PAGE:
Sherman Teichman, director of the Institute of Global Leadership (IGL), is finishing up his last year at the university after working on the Hill for more than three decades.
Teichman, who will be honored with a university Emeritus title, said he will use his time away from Tufts to travel and nurture programs like the IGL globally. He hopes to develop a mentorship program for current students at Tufts and to travel to major universities in London and Beijing looking to establish their own IGL programs.
According to Heather Barry, the IGL’s associate director, Provost and Senior Vice President David Harris will lead efforts to find Teichman’s successor. Possible candidates for the position could include speakers and officials who have become involved with the IGL and offshoot programs.
“I think [Teichman’s departure] is a little unexpected,” Barry said. “It’s a surprise because [Teichman has] really driven [the IGL] forward and he has such a strong passion for this….I think everyone is waiting to see what will happen next.”
Teichman began his career at Tufts in 1978 as a lecturer in the political science department. He said he started the IGL in 1985 in response to a plane hijacking that garnered international attention and sparked campus-wide buzz. He hoped to help students better comprehend the nuances of and nature of terrorism and political violence.
“I felt we were in danger of doing two things with education: infantilizing students and disregarding the wisdom of older generations,” Teichman said. “I wanted to create a serious multidisciplinary framework emphasizing immersive experimental education and I wanted to prepare students for ethical challenges…and avoid…ideological sensibilities…that I felt endangered intelligent discourse.”
Barry said the IGL program initially included a one-day event to discuss international terrorism. The following year it became a six-week-long program culminating in a day-long symposium.
She explained that in subsequent years, the program became a single-credit fall semester course, until 1991 when the symposium project morphed into today’s Education for Public Inquiry and International Citizenship (EPIIC) program. The year-long course, which this year will focus on “The Future of Europe,” allows students to study an international political theme as part of a rigorous, multidisciplinary program.
Barry said that the IGL has become a greater umbrella organization to house and foster the growth of smaller programs. These organizations include the Building Understanding through International Learning and Development (BUILD) program, which focuses on sustainable development, and the Alliance Linking Leaders in Education and the Services (ALLIES) program.
“It grew to a point where we had 32 programs; some have gone off independently now or interests have changed,” Barry said. “It’s an ebb and flow…that’s the whole purpose of them.”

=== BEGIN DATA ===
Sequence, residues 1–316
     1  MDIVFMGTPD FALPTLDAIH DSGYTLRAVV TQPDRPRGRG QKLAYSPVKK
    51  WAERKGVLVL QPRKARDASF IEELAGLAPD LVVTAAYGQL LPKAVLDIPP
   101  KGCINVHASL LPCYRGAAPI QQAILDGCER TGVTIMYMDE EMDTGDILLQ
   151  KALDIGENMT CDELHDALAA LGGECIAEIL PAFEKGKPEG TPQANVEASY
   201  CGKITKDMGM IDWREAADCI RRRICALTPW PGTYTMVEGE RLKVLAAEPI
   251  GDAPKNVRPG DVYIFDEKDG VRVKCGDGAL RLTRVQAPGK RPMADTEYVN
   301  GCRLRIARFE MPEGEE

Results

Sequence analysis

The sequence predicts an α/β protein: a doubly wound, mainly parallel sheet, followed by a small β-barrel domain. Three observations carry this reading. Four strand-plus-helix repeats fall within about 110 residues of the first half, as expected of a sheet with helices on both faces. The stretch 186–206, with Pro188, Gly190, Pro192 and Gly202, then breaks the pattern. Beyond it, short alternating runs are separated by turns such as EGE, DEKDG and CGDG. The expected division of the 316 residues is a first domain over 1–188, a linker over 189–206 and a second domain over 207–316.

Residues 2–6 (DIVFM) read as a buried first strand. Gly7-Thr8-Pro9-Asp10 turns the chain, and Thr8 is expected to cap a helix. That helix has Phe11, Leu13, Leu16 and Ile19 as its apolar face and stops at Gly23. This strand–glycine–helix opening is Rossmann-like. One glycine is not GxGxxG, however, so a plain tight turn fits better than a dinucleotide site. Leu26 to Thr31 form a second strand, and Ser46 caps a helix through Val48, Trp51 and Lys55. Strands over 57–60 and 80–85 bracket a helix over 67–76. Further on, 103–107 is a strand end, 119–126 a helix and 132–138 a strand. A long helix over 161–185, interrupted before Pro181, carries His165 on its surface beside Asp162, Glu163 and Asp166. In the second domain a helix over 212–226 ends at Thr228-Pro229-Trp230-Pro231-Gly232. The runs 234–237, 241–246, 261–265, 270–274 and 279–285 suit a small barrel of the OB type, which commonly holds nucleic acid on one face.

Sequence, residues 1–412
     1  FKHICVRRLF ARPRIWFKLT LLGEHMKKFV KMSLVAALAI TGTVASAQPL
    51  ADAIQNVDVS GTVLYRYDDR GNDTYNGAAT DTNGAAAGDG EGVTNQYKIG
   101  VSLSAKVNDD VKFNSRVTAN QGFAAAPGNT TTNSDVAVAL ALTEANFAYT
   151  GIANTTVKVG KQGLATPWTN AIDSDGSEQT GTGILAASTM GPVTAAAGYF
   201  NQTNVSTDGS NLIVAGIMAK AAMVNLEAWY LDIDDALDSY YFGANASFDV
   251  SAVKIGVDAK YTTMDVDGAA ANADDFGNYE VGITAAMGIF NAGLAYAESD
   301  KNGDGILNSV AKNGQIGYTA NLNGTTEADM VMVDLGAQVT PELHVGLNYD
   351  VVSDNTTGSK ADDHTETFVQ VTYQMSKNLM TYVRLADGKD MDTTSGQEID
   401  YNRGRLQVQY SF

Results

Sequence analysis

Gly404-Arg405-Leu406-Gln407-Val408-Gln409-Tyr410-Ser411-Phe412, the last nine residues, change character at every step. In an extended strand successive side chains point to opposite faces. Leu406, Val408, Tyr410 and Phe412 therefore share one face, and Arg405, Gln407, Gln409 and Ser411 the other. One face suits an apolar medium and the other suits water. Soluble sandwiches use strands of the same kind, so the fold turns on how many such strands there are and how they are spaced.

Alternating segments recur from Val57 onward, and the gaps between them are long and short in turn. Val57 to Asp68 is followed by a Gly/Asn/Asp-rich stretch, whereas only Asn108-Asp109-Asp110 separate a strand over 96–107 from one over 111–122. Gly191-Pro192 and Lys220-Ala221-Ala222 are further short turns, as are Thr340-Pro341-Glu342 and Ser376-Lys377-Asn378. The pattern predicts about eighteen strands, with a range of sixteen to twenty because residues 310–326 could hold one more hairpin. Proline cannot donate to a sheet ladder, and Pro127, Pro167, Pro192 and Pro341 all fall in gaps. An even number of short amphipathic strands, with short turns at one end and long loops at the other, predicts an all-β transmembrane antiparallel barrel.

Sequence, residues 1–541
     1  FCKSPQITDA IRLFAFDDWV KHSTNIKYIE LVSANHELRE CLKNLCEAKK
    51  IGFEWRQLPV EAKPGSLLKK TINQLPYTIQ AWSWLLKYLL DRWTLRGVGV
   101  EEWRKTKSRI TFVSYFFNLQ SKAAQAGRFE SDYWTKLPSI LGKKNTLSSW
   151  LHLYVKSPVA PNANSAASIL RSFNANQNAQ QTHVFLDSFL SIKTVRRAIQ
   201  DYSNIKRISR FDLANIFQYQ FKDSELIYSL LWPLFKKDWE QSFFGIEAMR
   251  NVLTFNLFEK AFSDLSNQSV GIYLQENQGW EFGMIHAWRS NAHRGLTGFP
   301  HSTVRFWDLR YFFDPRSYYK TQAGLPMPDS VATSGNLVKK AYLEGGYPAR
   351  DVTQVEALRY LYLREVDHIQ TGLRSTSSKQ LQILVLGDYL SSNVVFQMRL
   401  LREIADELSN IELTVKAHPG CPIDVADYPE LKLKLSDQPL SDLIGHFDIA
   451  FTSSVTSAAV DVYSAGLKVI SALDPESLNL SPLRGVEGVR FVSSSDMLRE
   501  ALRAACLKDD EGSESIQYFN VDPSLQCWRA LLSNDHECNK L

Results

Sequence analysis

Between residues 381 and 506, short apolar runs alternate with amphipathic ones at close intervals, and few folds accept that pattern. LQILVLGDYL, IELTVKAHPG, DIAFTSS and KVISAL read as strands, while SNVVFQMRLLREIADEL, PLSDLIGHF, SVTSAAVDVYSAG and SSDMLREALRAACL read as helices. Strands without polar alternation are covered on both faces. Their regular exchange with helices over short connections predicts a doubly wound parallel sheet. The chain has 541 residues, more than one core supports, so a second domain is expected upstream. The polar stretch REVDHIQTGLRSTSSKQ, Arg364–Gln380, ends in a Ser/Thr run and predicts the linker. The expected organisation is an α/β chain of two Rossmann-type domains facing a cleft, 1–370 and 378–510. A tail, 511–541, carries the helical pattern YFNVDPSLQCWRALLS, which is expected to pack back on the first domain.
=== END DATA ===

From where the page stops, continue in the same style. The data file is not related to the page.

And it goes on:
According to Barry, Teichman, who is the son of a Holocaust survivor, has played an indispensible role in the IGL’s history as a dedicated mentor devoted to helping navigate contentious international issues. In his role, he has helped students conduct field research, pursue projects and hold intern positions. Barry said 75 to 100 students have the chance to conduct personal research annually through funds awarded from the Carnegie Corporation to the IGL.
Barry emphasized Teichman’s hands-on leadership approach as the driving factor for the program’s success.
“[Teichman] is very much about saying ‘yes,'” she said. “It’s about finding ways [to] help students get prepared. This is a place to engage in that discussion and struggle with your preconceptions and confront things you may not agree with but need to understand…He is a whirlwind.”
Over the years, however, there has been some controversy over Tiechman and his work with the IGL, especially concerning a student blog entitled “Tufts IGL Students Speak Out.” The authors of the blog list numerous grievances collected anonymously from students that detail problematic parts of the IGL’s nature. Some accused the institute of exploiting foreign cultures and being unsympathetic to the experiences of marginalized groups. Others claimed the program was male-dominated and discriminatory. The university responded to these complaints with a survey-based inquiry into the IGL’s inner functions, according to the blog.
Senior Bruna Gaspar, however, said Teichman acted as a personal guide with a vested interest in her well-being even prior to her enrolling at Tufts.
“I came back just for a special meeting with [Teichman],” Gaspar said. “That is when I really fell in love with Tufts [and saw its] different sides and different nuances. I eventually did EPIIC and through EPIIC I got an internship from the World Bank. I guess from now on it’s hard to separate what happened to me [from] EPIIC.”
Tiechman said he has a personal stake in the well-being of students.
“When I look back at 30 years, it is the story of hundreds of students,” he said. “We have a community that is so powerful and so meaningful and it is utterly exciting to…be in their midst,” he explained. “This is what invigorates me.”
Teichman said he views his departure as the natural bookend to three-decade run at the university. Thinking about his career, he said he felt remarkably fulfilled, yet hardly sated.
“I am going to turn 72 at the end of October…and I know I am not immortal, but I feel tremendously alive and excited for the next chapters of my life,” Teichman said.
He wanted to thank Barry and the external advisory board for helping him bring the program to life. He emphasized his gratitude for the collective, collaborative community he found at Tufts — the one forged by his constant teachers: the students.
“[There are] thousands of students I have felt honored and fortunate to have touched and to have been touched by,” he said. “That’s important to me. This was never a solitary work.”